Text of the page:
Extradition Cleared, 6-Square-Metre Cell Awaits Bookie Sanjiv Chawla of Hansie Cronje Fame

CNN-News18
No further legal process would seem to offer Chawla any hope of getting out of this, via either the Supreme Court or the European Court of Human Rights.

London: Bookie Sanjiv Chawla is due to take a flight to India ahead of liquor baron Vijay Mallya, following an extradition order from the Westminster Magistrates Court in London on Monday.

While Chawla lost his appeal against extradition, Mallya is only at the start of his. So when the magistrate referred the case to the British home secretary on Monday, the move sounded ominous for Chawla, and more immediate.

UK home secretary Sajid Javid has two months in which to take a decision. But that decision is as good as taken. The home secretary in such cases only rubber-stamps the order of the court. He will not review or revise the judgment -- he is not a court sitting above this court. The physical extradition of Chawla is now inevitable. The home secretary rarely takes two months over a routine order such as this.

No further legal process would seem to offer Chawla any hope of getting out of this, via either the Supreme Court or the European Court of Human Rights.

Magistrate Rebecca Crane had ruled in October 2017 that there appeared a prima facie case against Chawla as argued by the Crown Prosecution Service on behalf of the Indian government. The magistrate’s court was given evidence of taped conversations and a wealth of other evidence gathered by the Delhi Police and by authorities in South Africa and the UK of conspiring with former South Africa cricket captain Hanse Cronje to fix matches in tandem with betting groups.

Crane also held that he was likely to receive fair trial from the courts. But she blocked extradition on the grounds that she was not satisfied that he would be detained in sufficiently humane conditions under Section 3 of the European Convention.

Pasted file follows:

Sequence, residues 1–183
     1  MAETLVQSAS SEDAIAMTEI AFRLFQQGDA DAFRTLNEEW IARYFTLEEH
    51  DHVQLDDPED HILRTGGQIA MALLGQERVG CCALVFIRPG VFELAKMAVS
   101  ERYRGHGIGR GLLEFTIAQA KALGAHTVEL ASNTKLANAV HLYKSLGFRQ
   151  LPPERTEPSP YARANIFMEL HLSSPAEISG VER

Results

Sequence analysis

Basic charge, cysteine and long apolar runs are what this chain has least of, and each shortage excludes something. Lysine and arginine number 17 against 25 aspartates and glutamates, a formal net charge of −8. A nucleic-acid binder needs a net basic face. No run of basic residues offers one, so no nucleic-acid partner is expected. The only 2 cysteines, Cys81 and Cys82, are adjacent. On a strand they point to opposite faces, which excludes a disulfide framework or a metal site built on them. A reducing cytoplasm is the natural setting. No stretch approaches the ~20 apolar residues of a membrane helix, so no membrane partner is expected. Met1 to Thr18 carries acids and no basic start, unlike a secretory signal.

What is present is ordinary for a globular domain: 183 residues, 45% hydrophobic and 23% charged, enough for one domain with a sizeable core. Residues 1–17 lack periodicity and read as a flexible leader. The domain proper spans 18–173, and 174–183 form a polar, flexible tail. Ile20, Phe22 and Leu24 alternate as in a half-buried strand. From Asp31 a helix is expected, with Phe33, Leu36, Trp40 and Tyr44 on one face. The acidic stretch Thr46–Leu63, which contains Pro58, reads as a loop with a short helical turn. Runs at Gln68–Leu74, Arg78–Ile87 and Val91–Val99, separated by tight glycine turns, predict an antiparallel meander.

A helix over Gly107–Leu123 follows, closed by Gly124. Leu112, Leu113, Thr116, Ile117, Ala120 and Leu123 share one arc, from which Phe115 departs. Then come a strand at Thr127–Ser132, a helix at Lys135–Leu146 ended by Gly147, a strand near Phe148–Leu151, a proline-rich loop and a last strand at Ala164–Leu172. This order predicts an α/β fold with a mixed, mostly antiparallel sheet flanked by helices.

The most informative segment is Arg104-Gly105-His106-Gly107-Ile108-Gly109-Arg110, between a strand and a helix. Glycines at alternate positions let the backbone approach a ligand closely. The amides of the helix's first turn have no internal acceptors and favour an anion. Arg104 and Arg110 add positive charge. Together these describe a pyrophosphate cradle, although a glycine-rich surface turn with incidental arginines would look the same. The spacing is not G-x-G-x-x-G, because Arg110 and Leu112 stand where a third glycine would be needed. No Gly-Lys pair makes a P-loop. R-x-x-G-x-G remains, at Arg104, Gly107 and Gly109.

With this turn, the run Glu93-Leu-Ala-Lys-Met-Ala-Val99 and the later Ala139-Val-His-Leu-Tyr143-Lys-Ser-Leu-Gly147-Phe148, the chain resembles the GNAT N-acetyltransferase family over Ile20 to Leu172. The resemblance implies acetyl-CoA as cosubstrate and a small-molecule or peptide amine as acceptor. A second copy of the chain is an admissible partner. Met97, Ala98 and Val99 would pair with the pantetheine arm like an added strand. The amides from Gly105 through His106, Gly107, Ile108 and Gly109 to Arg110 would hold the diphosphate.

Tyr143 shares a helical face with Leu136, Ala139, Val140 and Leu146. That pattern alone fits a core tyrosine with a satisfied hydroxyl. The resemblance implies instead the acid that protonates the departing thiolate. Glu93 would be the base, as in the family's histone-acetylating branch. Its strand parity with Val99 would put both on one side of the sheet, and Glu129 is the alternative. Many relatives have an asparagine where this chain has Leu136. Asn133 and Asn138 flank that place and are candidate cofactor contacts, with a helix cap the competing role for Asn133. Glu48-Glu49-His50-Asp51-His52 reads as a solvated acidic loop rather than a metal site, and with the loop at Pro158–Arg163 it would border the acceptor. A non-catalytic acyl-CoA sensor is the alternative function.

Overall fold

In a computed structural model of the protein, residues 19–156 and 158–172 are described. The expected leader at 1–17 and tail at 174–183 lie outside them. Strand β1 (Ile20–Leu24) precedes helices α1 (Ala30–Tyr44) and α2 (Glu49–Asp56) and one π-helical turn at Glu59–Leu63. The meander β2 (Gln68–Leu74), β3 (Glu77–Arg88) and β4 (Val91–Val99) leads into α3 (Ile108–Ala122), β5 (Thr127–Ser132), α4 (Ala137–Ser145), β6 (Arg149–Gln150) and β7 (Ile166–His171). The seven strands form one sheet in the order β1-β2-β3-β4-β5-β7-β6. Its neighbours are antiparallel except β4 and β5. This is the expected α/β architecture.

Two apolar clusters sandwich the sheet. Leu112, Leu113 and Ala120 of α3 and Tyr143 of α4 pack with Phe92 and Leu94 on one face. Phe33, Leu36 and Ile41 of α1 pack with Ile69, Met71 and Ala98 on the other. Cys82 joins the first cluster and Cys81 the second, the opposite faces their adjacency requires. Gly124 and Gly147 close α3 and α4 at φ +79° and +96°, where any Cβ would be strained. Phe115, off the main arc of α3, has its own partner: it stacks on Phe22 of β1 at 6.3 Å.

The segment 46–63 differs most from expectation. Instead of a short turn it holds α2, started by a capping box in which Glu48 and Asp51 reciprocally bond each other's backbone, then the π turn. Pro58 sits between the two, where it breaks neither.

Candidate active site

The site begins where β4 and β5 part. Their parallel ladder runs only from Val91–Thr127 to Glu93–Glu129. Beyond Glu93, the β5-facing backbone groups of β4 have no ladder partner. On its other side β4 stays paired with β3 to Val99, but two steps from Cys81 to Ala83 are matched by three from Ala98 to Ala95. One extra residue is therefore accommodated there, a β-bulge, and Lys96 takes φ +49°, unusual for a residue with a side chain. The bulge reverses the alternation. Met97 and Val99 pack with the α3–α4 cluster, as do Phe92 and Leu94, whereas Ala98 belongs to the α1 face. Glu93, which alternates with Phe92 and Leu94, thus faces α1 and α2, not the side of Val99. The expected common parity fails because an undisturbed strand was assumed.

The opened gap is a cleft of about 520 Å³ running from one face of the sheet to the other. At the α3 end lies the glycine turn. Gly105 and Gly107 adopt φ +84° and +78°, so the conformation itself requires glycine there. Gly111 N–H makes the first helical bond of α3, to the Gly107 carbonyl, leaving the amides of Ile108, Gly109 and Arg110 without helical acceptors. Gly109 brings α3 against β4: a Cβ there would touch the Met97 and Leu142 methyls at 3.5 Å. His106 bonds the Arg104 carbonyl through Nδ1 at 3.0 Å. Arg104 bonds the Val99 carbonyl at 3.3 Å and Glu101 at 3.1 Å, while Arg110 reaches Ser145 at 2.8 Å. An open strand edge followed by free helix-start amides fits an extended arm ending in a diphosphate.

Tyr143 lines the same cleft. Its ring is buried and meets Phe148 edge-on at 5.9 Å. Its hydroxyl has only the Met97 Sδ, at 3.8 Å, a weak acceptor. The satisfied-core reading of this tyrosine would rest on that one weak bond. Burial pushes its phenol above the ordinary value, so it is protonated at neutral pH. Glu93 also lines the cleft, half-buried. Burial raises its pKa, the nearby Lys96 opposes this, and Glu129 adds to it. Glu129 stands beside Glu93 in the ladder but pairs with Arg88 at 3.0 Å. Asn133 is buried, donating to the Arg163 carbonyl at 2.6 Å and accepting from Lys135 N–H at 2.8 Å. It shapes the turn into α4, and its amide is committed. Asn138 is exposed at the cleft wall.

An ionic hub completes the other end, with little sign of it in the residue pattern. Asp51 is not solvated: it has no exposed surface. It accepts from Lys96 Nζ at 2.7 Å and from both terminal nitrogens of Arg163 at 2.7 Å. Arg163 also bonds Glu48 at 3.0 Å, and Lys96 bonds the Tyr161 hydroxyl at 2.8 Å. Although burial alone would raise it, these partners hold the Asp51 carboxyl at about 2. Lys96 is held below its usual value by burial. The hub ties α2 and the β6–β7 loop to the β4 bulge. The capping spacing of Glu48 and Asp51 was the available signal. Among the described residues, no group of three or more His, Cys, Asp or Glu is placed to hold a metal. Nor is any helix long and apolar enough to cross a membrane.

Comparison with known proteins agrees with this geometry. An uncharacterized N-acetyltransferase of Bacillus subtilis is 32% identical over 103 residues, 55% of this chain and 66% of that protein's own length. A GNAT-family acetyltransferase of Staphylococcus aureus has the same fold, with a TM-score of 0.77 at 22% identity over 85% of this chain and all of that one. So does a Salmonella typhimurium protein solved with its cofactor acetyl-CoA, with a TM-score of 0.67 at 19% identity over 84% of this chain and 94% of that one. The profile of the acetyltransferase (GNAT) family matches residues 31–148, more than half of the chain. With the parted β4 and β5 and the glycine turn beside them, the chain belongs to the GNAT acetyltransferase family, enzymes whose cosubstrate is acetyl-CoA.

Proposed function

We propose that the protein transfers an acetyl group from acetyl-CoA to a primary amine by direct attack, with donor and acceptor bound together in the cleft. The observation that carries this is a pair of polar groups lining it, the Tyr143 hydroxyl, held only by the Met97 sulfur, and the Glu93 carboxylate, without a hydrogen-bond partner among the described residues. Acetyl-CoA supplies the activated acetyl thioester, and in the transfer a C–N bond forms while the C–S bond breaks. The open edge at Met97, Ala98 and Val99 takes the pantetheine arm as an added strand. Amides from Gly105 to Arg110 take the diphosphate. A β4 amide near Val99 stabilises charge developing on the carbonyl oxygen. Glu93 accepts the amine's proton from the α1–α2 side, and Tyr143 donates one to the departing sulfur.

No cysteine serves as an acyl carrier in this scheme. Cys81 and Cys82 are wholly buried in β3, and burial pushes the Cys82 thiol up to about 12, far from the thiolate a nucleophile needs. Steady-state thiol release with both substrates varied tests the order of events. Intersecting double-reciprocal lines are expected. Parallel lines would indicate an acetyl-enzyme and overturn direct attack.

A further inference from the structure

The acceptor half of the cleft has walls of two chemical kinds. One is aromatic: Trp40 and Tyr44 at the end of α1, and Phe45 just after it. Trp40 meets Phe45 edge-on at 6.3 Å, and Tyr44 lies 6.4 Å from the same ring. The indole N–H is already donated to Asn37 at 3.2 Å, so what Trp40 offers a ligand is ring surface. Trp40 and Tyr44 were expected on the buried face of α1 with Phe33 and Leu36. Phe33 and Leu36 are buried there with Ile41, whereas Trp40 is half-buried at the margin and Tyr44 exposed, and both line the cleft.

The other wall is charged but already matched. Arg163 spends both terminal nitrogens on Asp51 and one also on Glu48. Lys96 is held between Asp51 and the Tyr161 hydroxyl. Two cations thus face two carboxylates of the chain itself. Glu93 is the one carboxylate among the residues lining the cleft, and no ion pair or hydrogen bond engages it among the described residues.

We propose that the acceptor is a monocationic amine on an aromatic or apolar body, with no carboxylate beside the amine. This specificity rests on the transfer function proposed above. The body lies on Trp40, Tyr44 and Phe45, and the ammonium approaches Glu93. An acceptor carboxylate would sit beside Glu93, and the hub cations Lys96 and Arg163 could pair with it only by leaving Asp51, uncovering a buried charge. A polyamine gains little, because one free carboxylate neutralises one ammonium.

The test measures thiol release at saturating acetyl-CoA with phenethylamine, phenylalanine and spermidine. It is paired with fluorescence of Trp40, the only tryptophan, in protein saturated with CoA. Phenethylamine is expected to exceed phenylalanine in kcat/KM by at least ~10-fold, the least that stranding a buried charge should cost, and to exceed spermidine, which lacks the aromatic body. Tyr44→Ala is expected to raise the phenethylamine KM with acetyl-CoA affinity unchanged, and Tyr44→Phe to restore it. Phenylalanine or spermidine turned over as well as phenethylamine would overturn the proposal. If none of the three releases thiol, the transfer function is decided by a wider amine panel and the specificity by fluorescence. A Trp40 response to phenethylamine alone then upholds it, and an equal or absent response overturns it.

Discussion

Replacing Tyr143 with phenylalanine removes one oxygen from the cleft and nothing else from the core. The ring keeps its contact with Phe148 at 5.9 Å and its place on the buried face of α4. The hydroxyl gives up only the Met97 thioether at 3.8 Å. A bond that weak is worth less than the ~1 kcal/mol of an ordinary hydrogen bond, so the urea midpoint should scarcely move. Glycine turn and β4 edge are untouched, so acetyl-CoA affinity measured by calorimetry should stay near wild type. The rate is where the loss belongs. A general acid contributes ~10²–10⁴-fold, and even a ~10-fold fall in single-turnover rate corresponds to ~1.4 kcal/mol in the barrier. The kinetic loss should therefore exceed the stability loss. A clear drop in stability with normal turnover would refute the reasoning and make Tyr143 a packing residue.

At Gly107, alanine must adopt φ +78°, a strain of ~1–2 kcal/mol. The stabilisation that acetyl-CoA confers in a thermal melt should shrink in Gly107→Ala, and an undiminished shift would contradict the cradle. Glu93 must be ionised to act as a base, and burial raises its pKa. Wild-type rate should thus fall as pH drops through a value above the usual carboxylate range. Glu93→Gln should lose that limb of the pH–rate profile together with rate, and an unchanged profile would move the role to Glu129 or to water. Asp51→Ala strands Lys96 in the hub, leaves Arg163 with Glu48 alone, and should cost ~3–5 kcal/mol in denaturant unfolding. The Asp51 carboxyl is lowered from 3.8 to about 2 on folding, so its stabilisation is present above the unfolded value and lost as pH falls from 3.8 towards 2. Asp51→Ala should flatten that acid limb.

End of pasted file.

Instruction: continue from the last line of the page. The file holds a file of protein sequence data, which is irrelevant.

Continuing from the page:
It took three sets of assurances from the Indian government to satisfy the courts about detention conditions. The first two were not considered satisfactory by the magistrate’s court. The third set of assurances given by a joint secretary in the Indian government was presented to the court of appeal. The appeals court found those assurances satisfactory. In an order in November 2018, the appeals court accepted the Indian government assurances over jail conditions, and referred the case back to the magistrate’s court. The order on Monday was a legal formality.

“There is nothing for me to decide,” Crane said in her order. “The case can now be sent to the home secretary.”

But this is still no blanket acceptance from the UK courts that Indian jail conditions are satisfactory. Nor can such an order be cited as a precedent in all cases. The Indian government had to create particular conditions specific to Chawla for the court to now pass the order it has.

The court had four concerns: that the government undertakes to detain Chawla in a separate cell, that he is given an attached toilet, that he be kept safe from intra-prison violence, and that the government ensures adequate medical support if needed. The government has given an assurance that he would be kept in a 6 sq metre cell, not counting the toilet area. The government also gave assurances on the other demands.

This is in parallel to a specially created detention cell for Vijay Mallya, of which the Indian government sent a recording to the UK Magistrates Court.

Particular detention conditions would have to be assured in each extradition case. These become a precedent to the extent that if the Indian government sets up a deluxe jail within a normal jail for the person whose extradition is sought, prison conditions would then not be an obstacle. No doubt this creates issues within prisons, but it does remove a mountainous hurdle to extradition.

Sanjiv Chawla now faces early extradition to India though he has been living in the UK since 1996 with his wife and two sons. He took British citizenship in 2005. His plea against extradition on the grounds of a “right to family life” was turned down by the court.